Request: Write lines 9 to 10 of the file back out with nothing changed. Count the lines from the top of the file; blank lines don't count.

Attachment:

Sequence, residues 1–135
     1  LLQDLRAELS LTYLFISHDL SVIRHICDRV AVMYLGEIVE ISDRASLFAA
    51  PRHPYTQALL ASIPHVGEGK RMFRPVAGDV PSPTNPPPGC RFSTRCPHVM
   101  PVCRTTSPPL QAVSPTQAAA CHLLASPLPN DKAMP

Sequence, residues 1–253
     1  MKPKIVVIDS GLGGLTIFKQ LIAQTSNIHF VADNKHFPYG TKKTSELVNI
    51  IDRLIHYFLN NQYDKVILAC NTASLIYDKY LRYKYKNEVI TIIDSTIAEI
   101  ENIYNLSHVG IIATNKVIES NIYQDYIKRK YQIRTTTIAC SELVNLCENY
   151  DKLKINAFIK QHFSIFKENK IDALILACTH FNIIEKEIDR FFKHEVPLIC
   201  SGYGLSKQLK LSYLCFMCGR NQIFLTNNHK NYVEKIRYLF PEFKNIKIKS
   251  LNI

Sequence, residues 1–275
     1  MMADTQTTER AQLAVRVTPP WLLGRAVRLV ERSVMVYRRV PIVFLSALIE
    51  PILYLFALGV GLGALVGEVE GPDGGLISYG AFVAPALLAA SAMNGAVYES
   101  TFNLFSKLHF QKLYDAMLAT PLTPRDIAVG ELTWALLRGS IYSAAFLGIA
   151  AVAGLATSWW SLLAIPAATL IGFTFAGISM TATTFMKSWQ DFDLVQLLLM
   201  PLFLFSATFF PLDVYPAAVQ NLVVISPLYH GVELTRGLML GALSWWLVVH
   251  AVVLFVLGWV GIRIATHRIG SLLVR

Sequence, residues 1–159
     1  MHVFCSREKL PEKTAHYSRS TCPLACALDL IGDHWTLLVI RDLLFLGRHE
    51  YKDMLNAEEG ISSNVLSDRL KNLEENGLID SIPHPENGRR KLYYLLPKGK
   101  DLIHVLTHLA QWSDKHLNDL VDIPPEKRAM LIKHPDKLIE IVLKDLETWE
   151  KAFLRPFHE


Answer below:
   151  DKLKINAFIK QHFSIFKENK IDALILACTH FNIIEKEIDR FFKHEVPLIC
   201  SGYGLSKQLK LSYLCFMCGR NQIFLTNNHK NYVEKIRYLF PEFKNIKIKS